English National Opera: The Force of Destiny at the London Coliseum

War, destiny, politics, passion, family and fate: classical music blogger Sonny Williamson reviews the English National Opera’s production of The Force of Destiny at the London Coliseum.

If you want to experience the full depth of emotion and art that opera has to offer, treat yourself to a night at the Coliseum and let the English National Opera sweep you away with their revival of Verdi’s The Force of Destiny.

In this first new staging in 20 years of one of Verdi’s lesser known masterworks, director Calixto Bieito and ENO music director, Mark Wigglesworth, present a world-star cast in a production that is guaranteed to enflame your senses, indulge your emotions and leave you wanting more.

“…guaranteed to enflame your senses, indulge your emotions and leave you wanting more.”

Set in the 1930’s during the Spanish Civil War, the tale revolves around a dead man’s curse, fleeing lovers and a vengeful brother, all surrounded by the horrors of war and the plight of the impoverished masses. The production design is frankly stunning, with imposing, stark building facades cleverly used to evoke a variety of scenes, moods and architectures, all while gorgeously shot slow-motion film is projected onto their angular forms as the action unfolds. The effect is an intense, almost cinematic experience that genuinely enhances the music, acting, costumes and libretto of this deeply moving work.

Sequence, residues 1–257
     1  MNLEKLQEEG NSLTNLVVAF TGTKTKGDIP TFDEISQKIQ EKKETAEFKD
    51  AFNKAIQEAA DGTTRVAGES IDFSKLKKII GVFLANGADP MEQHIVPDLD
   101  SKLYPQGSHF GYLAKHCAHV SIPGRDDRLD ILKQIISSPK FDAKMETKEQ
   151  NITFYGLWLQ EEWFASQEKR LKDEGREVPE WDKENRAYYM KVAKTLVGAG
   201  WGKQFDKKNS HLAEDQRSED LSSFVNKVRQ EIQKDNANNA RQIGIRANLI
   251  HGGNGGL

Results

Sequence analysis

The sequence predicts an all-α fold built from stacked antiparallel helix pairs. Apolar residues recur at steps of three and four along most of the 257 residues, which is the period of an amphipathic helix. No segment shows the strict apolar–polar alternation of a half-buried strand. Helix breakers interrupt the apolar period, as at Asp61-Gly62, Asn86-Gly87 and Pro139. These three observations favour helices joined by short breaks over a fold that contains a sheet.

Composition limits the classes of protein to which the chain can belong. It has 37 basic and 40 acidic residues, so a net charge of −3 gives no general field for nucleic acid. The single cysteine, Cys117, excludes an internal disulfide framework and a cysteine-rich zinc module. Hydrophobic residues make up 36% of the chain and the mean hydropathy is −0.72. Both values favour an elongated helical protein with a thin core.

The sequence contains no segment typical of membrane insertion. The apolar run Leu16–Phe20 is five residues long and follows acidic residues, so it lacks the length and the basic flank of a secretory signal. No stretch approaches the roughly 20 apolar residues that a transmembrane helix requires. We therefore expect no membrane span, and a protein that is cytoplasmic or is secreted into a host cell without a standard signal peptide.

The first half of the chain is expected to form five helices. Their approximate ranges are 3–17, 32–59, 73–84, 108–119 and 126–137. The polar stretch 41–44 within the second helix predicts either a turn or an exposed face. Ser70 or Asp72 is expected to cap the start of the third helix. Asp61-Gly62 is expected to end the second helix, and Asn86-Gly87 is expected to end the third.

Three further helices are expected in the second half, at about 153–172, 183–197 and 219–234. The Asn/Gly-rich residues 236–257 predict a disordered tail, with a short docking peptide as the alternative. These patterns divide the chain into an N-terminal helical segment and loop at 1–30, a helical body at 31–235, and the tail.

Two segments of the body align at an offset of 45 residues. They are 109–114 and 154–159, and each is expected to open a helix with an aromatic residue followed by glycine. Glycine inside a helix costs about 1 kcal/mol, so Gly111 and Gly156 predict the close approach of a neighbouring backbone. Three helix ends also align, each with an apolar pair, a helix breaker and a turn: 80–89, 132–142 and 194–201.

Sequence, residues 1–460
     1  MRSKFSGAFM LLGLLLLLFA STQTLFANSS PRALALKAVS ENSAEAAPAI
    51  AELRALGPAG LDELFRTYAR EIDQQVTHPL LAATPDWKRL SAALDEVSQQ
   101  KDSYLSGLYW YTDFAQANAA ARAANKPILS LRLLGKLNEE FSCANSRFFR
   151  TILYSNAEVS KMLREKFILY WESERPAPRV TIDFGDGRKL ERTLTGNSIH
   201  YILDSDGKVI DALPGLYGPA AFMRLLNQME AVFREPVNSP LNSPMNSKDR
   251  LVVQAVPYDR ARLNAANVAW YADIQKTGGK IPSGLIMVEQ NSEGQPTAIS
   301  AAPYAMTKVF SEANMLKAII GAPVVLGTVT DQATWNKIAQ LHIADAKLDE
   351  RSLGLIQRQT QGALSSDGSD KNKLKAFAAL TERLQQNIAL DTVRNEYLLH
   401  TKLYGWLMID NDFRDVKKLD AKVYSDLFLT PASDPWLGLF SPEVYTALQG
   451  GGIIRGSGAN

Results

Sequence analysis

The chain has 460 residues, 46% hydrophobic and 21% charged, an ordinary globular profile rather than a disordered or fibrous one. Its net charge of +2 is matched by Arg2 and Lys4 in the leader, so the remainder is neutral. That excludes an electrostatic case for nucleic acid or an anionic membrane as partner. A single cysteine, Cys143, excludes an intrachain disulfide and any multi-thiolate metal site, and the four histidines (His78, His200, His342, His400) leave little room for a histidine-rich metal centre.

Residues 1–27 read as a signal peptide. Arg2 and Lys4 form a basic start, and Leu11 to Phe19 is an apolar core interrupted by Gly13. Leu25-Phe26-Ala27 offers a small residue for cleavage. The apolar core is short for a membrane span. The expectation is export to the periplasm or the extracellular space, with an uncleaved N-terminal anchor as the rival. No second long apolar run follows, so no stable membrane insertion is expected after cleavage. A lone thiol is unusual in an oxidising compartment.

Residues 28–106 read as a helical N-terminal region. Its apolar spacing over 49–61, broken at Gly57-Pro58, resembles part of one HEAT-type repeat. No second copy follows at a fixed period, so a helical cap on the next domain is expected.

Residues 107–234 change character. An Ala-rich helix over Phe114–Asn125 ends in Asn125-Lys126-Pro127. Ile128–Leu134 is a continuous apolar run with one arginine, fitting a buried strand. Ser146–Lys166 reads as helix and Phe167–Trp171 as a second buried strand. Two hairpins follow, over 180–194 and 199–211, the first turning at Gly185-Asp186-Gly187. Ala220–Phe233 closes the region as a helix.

Mark Wigglesworth on The Force of Destiny / ENO

The music is as rich, emotional, evocative and indulgent as Verdi’s best work and you may even recognise a tune here and there from various other mediums (the soundtrack to a popular beer commercial, for instance). Leads tenor Gwyn Hughes Jones, baritone Anthony Michaels-Moore and the superlative soprano Tamara Wilson infuse the material with every inch of their significant talent and take the audience with them every tragic step of the way. The chorus, too, also get a rare chance to shine in brilliantly conceived scenes of dark satire, horror and suffering that are every bit as moving as the soaring arias.

“It’s simply one of the best productions…”

It’s simply one of the best productions I have had the pleasure of attending at the ENO and I urge you to go and experience it for yourself. It’s a real operatic treat for London and must not be missed.

The Force of Destiny by Verdi / English National Opera

Book tickets and check listings for upcoming ENO events at the London Coliseum now, just head to